Twins get real-world experience volunteering at WellStar hospice
by Sally Litchfield
February 23, 2013 11:51 PM | 3528 views | 0 0 comments | 26 26 recommendations | email to a friend | print
Tess, left, and Brie Waddington, 16, are volunteers at Tranquility at Kennestone Hospital. The twins, the youngest of 66 volunteers, answer phones, file documents, give tours and greet families and patients that come in. They will gradually work up to interacting with patients.  <br> Staff/Emily Barnes
Tess, left, and Brie Waddington, 16, are volunteers at Tranquility at Kennestone Hospital. The twins, the youngest of 66 volunteers, answer phones, file documents, give tours and greet families and patients that come in. They will gradually work up to interacting with patients.
Staff/Emily Barnes
slideshow
Brie and Tess work at the desk at Tranquility at Kennesaw Mountain.
Brie and Tess work at the desk at Tranquility at Kennesaw Mountain.
slideshow
Tess, left, and Brie talk to volunteer manager Carol Drobinski.
Tess, left, and Brie talk to volunteer manager Carol Drobinski.
slideshow
02-09-13 -- Volunteer Twins 02 -- Tess (left) and Brie Waddington, 16, are volunteers at Tranquility at Kennestone Hospital. STAFF/EMILY BARNES
02-09-13 -- Volunteer Twins 02 -- Tess (left) and Brie Waddington, 16, are volunteers at Tranquility at Kennestone Hospital. STAFF/EMILY BARNES
slideshow
For Brie and Tessa Waddington of Marietta, volunteering at Tranquility at Kennesaw Mountain is about community.

Tranquility at Kennesaw Mountain, one of two inpatient facilities offered by Wellstar Community Hospice, opened in 2012. The other facility is Tranquility at Cobb Hospital. Patients and families receive “competent, compassionate end-of-life care in 18 private rooms.”

“Hospice is a place to allow people to pass with dignity and respect,” said Brie, a sophomore at Marietta High School.

The Waddington twins, the youngest of 66 volunteers, serve as Volunteer Ambassadors answering phones, filing documents, giving tours and greeting families and patients that come in. They will gradually work up to interacting with patients.

“Volunteering helps you become aware of what is going on in your community. You get the experience and you’re actually there doing things. And you get to give back to the community,” said Tessa, a sophomore at the Walker School. Both girls are interested in careers in the medical field.

“Community is important because it’s where you live, it’s the people around you. You would want them to do the same thing for you. (Volunteering) is giving back,” Brie said.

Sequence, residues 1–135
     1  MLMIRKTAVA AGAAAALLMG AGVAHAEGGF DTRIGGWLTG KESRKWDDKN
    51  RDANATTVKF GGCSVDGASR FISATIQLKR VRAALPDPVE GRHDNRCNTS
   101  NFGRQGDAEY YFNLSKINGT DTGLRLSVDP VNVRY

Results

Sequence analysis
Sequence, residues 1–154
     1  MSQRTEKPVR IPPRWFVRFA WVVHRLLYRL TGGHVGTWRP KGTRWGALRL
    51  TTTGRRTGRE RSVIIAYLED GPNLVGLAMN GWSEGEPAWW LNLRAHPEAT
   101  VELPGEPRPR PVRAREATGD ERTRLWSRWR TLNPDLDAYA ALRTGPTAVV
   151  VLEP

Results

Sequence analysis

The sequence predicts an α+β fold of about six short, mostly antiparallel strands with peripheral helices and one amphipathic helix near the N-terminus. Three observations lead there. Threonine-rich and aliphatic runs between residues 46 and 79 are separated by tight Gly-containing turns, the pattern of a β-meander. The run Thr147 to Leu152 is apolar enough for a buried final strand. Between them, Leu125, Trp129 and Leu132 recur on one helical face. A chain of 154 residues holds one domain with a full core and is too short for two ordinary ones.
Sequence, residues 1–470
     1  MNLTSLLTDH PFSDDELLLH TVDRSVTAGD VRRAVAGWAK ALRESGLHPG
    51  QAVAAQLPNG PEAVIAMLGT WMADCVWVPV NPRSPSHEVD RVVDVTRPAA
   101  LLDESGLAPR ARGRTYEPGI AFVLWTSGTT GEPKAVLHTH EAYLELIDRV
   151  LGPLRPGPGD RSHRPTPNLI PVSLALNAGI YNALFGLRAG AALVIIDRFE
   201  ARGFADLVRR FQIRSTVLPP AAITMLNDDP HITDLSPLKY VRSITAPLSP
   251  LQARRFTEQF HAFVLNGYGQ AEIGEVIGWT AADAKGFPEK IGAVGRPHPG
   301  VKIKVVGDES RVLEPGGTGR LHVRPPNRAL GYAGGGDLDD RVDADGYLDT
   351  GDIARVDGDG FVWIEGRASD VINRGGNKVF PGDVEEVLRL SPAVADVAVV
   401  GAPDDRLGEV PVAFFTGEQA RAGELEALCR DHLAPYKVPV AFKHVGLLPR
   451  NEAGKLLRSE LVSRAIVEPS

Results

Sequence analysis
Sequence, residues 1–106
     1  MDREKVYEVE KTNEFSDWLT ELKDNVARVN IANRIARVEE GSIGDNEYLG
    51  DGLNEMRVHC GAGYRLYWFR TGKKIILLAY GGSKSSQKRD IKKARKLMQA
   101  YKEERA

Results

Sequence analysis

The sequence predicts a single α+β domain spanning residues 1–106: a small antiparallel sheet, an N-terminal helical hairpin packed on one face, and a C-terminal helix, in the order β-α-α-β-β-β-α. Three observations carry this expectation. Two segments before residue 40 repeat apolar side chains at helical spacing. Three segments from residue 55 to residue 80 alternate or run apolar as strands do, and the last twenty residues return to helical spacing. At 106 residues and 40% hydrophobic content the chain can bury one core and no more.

For many, being a hospice volunteer might be difficult because it is unfamiliar.

“We were a little nervous to start,” Brie said.

“(Hospice) is not necessarily something you should be scared of. Once you’ve experienced it, you understand it can be a good thing,” Tessa said.

Their first experience with hospice was when their aunt was a patient.

The Waddingtons, who volunteer most Saturdays from 9 a.m. to noon, have already seen the benefits.

“I really like helping people by putting myself in different situations. The experience at the hospice center has developed a lot of skills of working with people. That’s been a big part of it,” Brie said.

“I have learned to interact with people in a difficult situation. Sometimes it’s hard to see people walking in and out and they’re really sad. You try to bring something positive to the situation,” Tessa added.

“I learned how different people react differently. I learned to have a smile and to try to understand what they are going through,” Brie said.

Volunteers like Brie and Tessa, daughters of Suzanne and Cliff Waddington, are vital to the hospice program. “The families and patients know that the volunteers do not have to be there, they’re not getting paid to be there, they are there because they want to be there,” said Carol Drobinski, volunteer manager of Wellstar Community Hospice.

Not only are the volunteers friends to the families and patients, Drobinski said they are another set of ears for the staff.

In addition to assisting with administrative tasks, volunteers help in various ways at the facility or in home such as sitting with a patient so the caregiver can go out, giving complimentary therapy such as hand massages, reading to patient, or simply being a supportive presence.

“I am really proud that (Brie and Tessa) are interested. The volunteers are a big part of our team,” Drobinski said.

Volunteers of all ages needed. To learn more contact Carol.drobinski@wellstar.org or visit www.wellstar.org.
Comments
(0)
Comments-icon Post a Comment
No Comments Yet
*We welcome your comments on the stories and issues of the day and seek to provide a forum for the community to voice opinions. All comments are subject to moderator approval before being made visible on the website but are not edited. The use of profanity, obscene and vulgar language, hate speech, and racial slurs is strictly prohibited. Advertisements, promotions, and spam will also be rejected. Please read our terms of service for full guides